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- Lucas Taylor has got to be in the rotation. The 6-0, 185-pound senior was leading the Southeastern Conference in receptions (41) six games into the 2007 season before a turf-toe injury slowed his progress. He still finished third among all SEC receivers in catches (73) and second in yards (1,000).
- Josh Briscoe has to be there, too. The 6-3, 183-pound senior caught 56 balls for 557 yards and a team-best six touchdowns last season.
- Ditto for Austin Rogers, a 6-2, 185-pound junior who reeled in 56 catches for 624 yards and four TDs a year ago.
After the Big Three, the competition for rotation spots gets really interesting.
- Quintin Hancock was No. 6 on the receiving chart last fall. The 6-3, 200-pound junior finished 2007 with 16 catches for 165 yards and three TDs.
- No. 7 on last year's receiving chart was Denarius Moore. The 6-1, 185-pound sophomore caught 14 passes (two fewer than Hancock) but averaged 15.1 yards per catch to Hancock's 10.3. Moore also showcased his big-play dimension in last Saturday's Orange & White Game with a 74-yard TD grab on the opening scrimmage snap.
- Ranking No. 8 on last year's receiving chart was Gerald Jones, who might be the most dangerous weapon Tennessee has. Sidelined for the first five games of 2007 by a hamstring pull, the 6-0, 180-pounder rallied down the stretch to finish with 11 receptions for 111 yards. Now a sophomore, he also excels as a direct-snap tailback in the so-called "G-Gun" package.
- Muddling the picture still further is redshirt freshman Ahmad Paige. The 6-1, 180-pounder tossed his hat in the ring by winning recognition as "Most Improved Offensive Player" of spring practice. Paige's 38-yard reception in Scrimmage No. 2 was the longest of the spring by a wideout until Denarius Moore made his 74-yard grab to open the Orange & White Game.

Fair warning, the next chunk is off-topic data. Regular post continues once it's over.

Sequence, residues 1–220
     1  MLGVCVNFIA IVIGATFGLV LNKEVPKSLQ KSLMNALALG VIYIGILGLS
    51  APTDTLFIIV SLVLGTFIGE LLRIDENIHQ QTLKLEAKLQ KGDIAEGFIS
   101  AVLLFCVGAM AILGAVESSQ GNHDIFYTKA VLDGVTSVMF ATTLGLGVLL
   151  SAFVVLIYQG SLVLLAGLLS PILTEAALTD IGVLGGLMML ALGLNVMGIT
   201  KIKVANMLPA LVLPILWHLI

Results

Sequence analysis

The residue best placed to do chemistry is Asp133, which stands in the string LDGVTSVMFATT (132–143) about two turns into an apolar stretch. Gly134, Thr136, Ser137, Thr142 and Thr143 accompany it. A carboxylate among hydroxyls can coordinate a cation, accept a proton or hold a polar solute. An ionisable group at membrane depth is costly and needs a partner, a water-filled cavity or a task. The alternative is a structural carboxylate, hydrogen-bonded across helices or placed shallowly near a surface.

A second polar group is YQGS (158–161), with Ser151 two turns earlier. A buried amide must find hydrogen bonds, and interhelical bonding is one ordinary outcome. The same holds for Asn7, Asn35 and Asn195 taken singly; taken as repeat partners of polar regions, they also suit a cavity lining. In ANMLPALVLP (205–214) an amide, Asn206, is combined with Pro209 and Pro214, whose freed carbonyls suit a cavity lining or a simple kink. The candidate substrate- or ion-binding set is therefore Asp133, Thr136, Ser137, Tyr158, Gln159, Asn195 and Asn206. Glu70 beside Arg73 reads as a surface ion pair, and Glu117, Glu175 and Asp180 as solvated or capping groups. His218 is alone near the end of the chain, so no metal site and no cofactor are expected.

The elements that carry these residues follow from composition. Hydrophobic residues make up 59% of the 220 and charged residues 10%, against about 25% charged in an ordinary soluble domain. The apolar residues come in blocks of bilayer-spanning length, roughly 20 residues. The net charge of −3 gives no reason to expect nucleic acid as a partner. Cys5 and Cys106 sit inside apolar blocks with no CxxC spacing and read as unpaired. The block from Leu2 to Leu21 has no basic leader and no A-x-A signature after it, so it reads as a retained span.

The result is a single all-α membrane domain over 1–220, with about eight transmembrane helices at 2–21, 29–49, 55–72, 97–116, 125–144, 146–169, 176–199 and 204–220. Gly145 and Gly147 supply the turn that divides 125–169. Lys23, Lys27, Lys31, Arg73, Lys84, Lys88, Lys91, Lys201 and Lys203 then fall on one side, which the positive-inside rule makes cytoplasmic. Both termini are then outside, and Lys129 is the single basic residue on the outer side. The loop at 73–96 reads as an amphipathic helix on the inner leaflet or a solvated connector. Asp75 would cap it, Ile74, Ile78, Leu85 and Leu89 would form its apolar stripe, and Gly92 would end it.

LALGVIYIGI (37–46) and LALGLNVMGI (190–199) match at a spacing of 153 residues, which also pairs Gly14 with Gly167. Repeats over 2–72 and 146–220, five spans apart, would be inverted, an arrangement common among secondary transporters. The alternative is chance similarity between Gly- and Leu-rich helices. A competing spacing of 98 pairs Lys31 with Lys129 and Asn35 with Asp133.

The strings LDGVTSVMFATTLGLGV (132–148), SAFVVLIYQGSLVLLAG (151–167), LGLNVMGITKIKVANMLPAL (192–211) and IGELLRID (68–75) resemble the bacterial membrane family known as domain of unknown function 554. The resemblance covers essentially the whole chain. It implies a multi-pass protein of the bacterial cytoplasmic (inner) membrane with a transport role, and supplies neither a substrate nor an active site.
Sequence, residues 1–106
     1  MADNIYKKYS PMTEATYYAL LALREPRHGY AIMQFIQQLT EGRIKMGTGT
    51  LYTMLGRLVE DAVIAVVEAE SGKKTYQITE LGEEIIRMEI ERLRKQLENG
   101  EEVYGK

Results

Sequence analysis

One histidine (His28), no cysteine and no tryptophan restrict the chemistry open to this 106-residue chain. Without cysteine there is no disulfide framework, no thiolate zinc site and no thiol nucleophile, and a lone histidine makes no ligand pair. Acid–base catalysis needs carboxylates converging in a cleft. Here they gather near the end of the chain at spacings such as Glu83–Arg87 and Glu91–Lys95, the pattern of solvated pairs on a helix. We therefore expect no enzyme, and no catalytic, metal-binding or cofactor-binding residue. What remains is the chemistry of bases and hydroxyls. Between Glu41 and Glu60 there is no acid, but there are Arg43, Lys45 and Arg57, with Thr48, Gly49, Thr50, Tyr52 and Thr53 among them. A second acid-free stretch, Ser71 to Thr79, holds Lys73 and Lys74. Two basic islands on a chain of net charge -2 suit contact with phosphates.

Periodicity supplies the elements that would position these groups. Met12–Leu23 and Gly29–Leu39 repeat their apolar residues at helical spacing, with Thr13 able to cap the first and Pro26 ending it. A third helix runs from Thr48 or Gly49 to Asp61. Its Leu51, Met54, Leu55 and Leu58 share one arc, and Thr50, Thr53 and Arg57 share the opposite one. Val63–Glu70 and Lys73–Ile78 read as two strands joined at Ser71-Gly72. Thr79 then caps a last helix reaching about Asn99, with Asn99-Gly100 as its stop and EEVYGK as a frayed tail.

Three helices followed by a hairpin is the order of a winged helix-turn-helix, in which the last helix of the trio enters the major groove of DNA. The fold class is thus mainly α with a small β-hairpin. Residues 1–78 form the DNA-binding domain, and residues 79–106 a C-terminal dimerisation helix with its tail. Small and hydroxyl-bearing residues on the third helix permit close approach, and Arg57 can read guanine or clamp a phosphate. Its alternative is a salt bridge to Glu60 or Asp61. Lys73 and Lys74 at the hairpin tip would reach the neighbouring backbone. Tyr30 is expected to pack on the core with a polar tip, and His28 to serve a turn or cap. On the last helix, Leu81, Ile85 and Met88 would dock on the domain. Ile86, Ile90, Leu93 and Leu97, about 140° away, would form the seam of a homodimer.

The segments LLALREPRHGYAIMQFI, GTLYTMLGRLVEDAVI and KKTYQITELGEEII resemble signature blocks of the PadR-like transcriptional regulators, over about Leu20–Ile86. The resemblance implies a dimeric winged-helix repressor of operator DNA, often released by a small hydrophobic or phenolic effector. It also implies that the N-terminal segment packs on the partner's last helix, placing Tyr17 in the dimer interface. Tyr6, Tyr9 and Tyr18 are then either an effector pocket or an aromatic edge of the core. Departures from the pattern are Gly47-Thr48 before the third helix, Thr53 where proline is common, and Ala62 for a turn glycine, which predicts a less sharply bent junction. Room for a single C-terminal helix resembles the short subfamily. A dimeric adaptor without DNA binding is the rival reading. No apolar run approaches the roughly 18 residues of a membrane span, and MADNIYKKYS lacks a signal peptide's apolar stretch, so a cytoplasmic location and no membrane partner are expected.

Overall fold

Even discounting O'Neal, Campbell and Maples, Tennessee has seven guys with a legitimate chance to start Game 1. Obviously, they can't all start. They can't all play, either, according to Clawson.
"Probably seven is too many," the coordinator said. "If you're playing seven you're probably not allowing your two or three best to get in the flow of the game. You can't highlight everybody.
"I think in an ideal world you play five, and you make sure that your top two or three – if it's the fourth quarter and it's a three-point game – have got fresh legs."
Mere moments after tabbing five as the ideal number for his wide-receiver rotation, however, Clawson fudged a bit.
"You don't want your playmakers worn down in the fourth quarter because you don't have depth," he said, "so I think ideally we'd like five or six guys to get regular reps."
While Clawson is still deciding how many receivers will play, he seems reasonably certain how much the starting receivers will play.
"Your top guys are getting two-thirds of the reps," he said. "Your other guys can spell them and help you win football games. When the game's on the line you want the right guys in there and you want to make sure they're fresh."
Clawson also seems somewhat conflicted regarding the importance of having a single "go-to" receiver.
"There's certain plays we're going to run where we're going to make a concerted effort to get someone the ball," he said, seconds later noting that, "The more high-level guys you have, the less you have to force-feed one guy."